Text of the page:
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There's a Yamaha YSS-875 serial # 001393 on eBay. Judging from the serial #, it's a very early one. I see there are EXs and EXHGs. Since I'm new to soprano, I can do without the high G. What are the pros and cons of the early one compared to the more recent models other than condition?
 

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There's a Yamaha YSS-875 serial # 001393 on eBay. Judging from the serial #, it's a very early one. I see there are EXs and EXHGs. Since I'm new to soprano, I can do without the high G. What are the pros and cons of the early one compared to the more recent models other than condition?
The first 875 came out in 1990. In the sax world, that's a modern horn, not old or outdated by any stretch of the imagination. Many pros still play horns that came out in the 1950s or earlier. Unless you're talking about a horn that came out in the teens or the 20s (at least 100 years old), you're not missing anything. All soprano players in history have managed without a high G key for all but the past couple of years. In spite of his namesake, even Kenny G doesn't have a high G key. Altissimo G is pretty easy to play without a G key. But any altissimo on soprano is pretty hard on the audience.

As others have said, that's a phenomenal horn and you're lucky to have it. Besides the useless, gimmicky G, there is zero difference compared to other modern horns. FWIW, I'm an advanced amateur who's been playing and gigging for over 40 years. I play horns that range from 100 years old up to the 90s and I manage just fine. My main horns are from the 1960s. I've had many sopranos over the years, none of which have had a high G, and I've never missed it. I've played many clarinet parts on soprano in my big band, and had no problem with altissimo G and beyond.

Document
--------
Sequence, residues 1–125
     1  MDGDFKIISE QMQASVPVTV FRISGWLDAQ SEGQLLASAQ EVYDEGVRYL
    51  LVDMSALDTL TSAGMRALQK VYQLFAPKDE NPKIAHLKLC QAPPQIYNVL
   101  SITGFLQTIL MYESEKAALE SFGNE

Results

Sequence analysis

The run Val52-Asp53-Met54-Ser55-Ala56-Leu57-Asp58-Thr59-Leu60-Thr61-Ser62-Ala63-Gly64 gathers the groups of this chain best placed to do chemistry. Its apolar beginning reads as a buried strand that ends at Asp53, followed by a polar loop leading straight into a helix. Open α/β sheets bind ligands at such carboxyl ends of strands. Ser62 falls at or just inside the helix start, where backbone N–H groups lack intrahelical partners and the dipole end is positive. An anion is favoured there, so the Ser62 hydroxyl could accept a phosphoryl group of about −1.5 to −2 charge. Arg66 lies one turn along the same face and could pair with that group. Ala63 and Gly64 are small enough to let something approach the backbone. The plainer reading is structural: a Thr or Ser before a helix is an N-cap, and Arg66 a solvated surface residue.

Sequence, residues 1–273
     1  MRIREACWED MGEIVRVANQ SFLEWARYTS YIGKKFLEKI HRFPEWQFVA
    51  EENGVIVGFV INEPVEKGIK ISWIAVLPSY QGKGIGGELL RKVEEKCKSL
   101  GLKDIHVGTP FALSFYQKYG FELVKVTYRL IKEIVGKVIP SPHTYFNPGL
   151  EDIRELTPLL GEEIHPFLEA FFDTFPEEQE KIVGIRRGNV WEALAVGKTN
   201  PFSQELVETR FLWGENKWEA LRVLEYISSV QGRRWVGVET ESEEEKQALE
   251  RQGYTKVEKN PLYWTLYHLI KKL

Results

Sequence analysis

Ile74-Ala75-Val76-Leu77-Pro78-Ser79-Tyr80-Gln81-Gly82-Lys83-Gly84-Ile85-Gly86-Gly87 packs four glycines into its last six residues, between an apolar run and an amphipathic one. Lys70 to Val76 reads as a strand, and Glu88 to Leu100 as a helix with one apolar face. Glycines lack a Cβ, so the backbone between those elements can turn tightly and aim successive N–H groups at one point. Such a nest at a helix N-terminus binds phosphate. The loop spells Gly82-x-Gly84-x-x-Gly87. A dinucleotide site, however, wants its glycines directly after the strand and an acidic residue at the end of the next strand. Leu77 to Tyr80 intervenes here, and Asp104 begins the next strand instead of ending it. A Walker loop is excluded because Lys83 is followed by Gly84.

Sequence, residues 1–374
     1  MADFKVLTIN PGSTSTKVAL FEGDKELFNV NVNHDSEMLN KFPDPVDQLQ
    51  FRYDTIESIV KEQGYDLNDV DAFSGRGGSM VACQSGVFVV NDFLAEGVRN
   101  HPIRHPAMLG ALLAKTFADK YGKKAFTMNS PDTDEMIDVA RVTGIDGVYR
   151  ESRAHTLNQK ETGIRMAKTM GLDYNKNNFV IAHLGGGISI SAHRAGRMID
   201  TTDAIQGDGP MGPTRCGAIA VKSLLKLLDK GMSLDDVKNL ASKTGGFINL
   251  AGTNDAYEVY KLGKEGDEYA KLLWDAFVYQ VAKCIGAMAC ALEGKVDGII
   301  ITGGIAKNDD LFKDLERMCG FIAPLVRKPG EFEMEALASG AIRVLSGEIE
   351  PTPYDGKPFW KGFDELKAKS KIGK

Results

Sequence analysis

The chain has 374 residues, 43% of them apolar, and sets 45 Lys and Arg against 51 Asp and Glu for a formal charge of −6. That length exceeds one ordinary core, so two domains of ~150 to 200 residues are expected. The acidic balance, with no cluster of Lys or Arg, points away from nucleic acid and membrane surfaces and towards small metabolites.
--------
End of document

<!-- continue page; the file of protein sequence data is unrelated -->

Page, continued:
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Distinguished SOTW Member, Forum Contributor 2007-
ALTO: Medusa- 82zii, TENOR: Medusa, BARI: b901, SOP: sc991
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Yamaha has made some small improvements to the 875 over the years but it’s basically the same design. A fully professional saxophone.
 

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The 875 is not "too old" in any meaningful sense, in terms of either years of age or its place in the evolutionary history of the soprano sax, and Yamaha sopranos in particular. There are plenty of superb saxophones that are far older.

Of course, there's always a question whether you, or any player, might simply like a different Yamaha sop better than the original 875. But you won't be able to get a good answer to that question without testing the horns yourself.
 

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Distinguished SOTW Member/Forum Contributor 2012
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One of the best sopranos out there. Period.
 
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